New Mayan gods found during the excavations of the Mayan Train


The Mayan deities, carved on a commemorative stele, were located in the archaeological zone of Uxmal.

Archaeologists from the National Institute of Anthropology and History found a dual stela with the image of two deities during the excavations of the Mayan Train, informed Diego Prieto, director general of INAH.

The official presented images of the deities during the morning conference this Thursday, October 20. It is a commemorative stele, with bas-relief on both sides and located in situ; that is, in the place where it was originally placed.

“It is a dual-character commemorative stela that was found in the sunken patio of the archaeological zone of Uxmal in Yucatan. The find was made by the prominent Mayan archaeologist José Huchim Herrera and his technical team,” said Diego Prieto.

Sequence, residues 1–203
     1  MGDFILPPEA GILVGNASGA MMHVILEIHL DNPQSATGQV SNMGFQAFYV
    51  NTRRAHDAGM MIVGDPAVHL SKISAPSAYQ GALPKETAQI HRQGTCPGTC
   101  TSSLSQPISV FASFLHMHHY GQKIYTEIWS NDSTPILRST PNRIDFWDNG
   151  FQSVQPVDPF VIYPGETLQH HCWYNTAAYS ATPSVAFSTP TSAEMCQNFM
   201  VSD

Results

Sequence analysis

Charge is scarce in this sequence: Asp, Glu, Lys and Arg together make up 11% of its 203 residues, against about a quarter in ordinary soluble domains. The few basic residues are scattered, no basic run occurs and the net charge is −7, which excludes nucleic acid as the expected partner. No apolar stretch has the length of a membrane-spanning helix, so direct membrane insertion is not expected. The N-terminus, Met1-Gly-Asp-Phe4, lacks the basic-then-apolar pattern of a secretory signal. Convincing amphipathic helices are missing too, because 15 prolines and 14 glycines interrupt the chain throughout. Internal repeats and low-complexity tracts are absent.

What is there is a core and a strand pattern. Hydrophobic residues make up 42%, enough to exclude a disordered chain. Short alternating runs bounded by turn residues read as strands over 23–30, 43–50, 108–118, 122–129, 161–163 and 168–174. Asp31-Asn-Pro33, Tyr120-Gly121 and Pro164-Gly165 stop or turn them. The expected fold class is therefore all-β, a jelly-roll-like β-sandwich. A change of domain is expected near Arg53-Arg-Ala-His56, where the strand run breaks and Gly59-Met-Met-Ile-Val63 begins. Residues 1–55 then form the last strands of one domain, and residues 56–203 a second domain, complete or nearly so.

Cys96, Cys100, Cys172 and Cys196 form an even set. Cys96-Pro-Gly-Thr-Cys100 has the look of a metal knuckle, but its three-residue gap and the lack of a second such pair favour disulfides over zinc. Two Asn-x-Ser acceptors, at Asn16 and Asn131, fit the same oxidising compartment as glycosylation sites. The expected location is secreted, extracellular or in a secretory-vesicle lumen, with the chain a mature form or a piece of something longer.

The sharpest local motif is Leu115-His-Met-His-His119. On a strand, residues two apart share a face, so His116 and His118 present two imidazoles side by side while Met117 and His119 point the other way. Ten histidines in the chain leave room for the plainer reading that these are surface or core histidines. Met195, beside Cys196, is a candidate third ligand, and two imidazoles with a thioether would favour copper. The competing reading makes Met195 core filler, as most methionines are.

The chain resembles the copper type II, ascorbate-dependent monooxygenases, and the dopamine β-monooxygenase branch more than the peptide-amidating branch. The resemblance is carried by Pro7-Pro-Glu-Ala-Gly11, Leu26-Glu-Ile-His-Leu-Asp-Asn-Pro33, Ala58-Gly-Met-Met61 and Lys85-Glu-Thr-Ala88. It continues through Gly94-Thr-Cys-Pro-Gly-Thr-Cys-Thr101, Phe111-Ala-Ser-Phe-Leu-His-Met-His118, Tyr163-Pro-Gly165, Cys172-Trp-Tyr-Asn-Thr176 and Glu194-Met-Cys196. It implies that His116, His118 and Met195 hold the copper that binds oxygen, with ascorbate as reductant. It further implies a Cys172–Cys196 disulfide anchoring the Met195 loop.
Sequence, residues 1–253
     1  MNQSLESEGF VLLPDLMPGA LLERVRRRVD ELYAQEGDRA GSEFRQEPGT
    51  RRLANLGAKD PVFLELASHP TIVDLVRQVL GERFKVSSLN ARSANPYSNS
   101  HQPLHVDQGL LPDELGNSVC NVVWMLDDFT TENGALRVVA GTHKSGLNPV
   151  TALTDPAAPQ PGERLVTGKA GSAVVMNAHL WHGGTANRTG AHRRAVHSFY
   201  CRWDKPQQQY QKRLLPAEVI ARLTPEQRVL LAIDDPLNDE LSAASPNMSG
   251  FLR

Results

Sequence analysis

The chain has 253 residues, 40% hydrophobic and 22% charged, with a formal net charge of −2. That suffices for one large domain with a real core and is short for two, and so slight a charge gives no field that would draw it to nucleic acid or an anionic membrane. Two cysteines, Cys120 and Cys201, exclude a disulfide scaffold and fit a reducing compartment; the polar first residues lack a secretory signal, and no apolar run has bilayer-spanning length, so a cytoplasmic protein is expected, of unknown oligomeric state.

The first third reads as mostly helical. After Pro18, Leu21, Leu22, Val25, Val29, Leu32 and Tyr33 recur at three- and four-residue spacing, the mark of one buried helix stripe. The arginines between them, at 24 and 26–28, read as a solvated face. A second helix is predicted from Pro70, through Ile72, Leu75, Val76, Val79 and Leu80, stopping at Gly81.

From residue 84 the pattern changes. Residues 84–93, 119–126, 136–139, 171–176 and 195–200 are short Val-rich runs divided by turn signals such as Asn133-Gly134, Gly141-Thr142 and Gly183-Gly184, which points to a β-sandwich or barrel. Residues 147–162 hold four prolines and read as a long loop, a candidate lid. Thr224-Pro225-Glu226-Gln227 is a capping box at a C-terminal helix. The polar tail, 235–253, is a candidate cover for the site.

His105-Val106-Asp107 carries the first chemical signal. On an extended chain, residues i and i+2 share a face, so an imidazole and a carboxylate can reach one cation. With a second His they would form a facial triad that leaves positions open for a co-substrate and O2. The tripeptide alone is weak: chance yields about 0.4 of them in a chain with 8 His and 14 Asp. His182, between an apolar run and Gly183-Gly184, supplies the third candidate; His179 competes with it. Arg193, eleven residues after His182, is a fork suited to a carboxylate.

“We are very pleased because it is not often to find these types of contrails in situ,” he added

How are the Mayan gods found?

The stele consists of a dual element carved on both sides. On the north side –where it was facing– it shows a female deity with the following characteristics:

  • Large eyes.
  • Barbels at the corners of the mouth.
  • Bare chest.
  • Pectoral with three rows of hemispherical pearls.
  • Bracelets decorated with pearls.
  • Mesh skirt that covers up to the heels.
  • He holds a quetzal in his left hand.

It is thought that this deity may be linked with death. While the male deity has:

  • Large wide-brimmed hat, adorned with feathers and an owl’s head.
  • Back with reticulated layer.
  • They hold a cane in their left hand and a bundle in their right hand.
  • Bracelet and loincloth.
  • bandaged legs

The stela contains frequent representations of the Puuc and Chenes cultural regions, in the south of the state and the Yucatan peninsula, an example of which is the probable association that the eyes of the female deity would have with death.

The director of the INAH asked the archaeologist Huchim Herrera to give more details of this finding in the next issue of the Mexican Archeology magazine .

The Yucatan Post